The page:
To put this into a more clear light I will explain how I handle bids for jobs. I do a common practice in the development world of a two-tiered pricing structure. If someone wants their software open source they will pay almost half of what they would if they wanted proprietary software. The reasoning is simple. With open source software I can develop a lot quicker, a lot of times finding models to work from on the internet. I can also use those changes in future projects for other clients that may want similar features. It lets me generate code at a much faster rate and even save the client because that software is now multi-use to me and other clients out there.

Now some have argued that “why should I pay for something someone else is going to use?” and the answer is simple – because a lot of the code you will be using was also paid or sponsored by other people to develop. Think of it as the infamous “take a penny, leave a penny” bowl at the local convenient store. Everyone is free to take one if they need it, but to make the system really work people also need to leave one, or the bowl will quickly be empty. Open source software works off this same model.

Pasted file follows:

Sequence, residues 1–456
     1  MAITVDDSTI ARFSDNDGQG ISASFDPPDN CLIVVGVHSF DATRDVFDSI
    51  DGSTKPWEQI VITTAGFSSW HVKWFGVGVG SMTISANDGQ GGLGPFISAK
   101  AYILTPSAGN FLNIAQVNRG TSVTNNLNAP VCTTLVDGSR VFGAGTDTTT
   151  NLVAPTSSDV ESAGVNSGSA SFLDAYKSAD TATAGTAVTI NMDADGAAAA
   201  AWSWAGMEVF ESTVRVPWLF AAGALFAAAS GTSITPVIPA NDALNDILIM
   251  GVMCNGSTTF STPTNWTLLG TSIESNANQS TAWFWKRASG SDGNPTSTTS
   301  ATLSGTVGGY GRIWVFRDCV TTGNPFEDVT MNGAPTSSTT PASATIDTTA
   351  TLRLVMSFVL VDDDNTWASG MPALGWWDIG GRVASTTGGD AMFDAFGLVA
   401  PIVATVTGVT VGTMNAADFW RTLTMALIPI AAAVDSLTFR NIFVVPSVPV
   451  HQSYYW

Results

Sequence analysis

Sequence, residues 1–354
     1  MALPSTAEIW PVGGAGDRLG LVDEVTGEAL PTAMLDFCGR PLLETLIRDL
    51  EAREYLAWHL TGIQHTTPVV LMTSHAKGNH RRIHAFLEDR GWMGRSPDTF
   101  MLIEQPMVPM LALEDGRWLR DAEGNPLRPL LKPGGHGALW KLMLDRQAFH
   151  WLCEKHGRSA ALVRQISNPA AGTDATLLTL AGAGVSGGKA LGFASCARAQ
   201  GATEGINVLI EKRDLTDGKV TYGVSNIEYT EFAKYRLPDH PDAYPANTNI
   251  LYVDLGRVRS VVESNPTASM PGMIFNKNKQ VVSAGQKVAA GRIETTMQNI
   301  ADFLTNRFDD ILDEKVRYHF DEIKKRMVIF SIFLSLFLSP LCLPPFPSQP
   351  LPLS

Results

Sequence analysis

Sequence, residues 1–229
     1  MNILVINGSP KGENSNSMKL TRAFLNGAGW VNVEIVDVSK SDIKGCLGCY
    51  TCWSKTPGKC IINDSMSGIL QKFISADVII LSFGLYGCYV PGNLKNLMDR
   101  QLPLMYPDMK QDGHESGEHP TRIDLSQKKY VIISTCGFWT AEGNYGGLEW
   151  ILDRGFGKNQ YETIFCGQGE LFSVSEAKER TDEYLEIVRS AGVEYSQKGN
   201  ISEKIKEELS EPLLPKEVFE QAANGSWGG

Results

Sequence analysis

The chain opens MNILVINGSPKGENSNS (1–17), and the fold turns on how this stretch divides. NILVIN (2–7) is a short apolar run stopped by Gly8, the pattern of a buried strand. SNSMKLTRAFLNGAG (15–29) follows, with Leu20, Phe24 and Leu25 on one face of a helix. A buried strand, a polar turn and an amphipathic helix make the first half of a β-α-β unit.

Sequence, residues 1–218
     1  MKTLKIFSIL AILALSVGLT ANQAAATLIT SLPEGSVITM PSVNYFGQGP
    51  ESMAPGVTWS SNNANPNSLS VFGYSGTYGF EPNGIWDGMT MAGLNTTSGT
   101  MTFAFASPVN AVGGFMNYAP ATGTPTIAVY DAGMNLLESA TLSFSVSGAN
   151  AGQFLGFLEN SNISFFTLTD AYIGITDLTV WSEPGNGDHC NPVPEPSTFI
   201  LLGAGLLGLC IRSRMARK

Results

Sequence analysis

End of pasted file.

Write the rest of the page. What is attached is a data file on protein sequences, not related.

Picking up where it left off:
So what does all this mean to you, the taxpayer? It means that the government is going to save tons of money developing, updating and managing their website, something we take for granite. It also means that the Obama administration can offer more transparency through their site even quicker. Instead of paying high dollar programmers for hours of developing a simple feature, they can now go out and look at the thousands of Drupal modules that are freely available and find one that might fit their need, or at least be close enough to it that they can make a few modifications and get it where they want.